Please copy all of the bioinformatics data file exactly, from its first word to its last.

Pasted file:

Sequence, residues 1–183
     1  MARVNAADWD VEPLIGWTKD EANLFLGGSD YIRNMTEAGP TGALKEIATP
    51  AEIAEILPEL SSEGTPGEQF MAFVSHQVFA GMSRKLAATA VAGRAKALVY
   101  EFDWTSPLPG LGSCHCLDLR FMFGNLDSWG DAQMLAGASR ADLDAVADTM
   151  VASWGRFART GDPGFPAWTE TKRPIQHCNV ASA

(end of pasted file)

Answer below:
Sequence, residues 1–183
     1  MARVNAADWD VEPLIGWTKD EANLFLGGSD YIRNMTEAGP TGALKEIATP
    51  AEIAEILPEL SSEGTPGEQF MAFVSHQVFA GMSRKLAATA VAGRAKALVY
   101  EFDWTSPLPG LGSCHCLDLR FMFGNLDSWG DAQMLAGASR ADLDAVADTM
   151  VASWGRFART GDPGFPAWTE TKRPIQHCNV ASA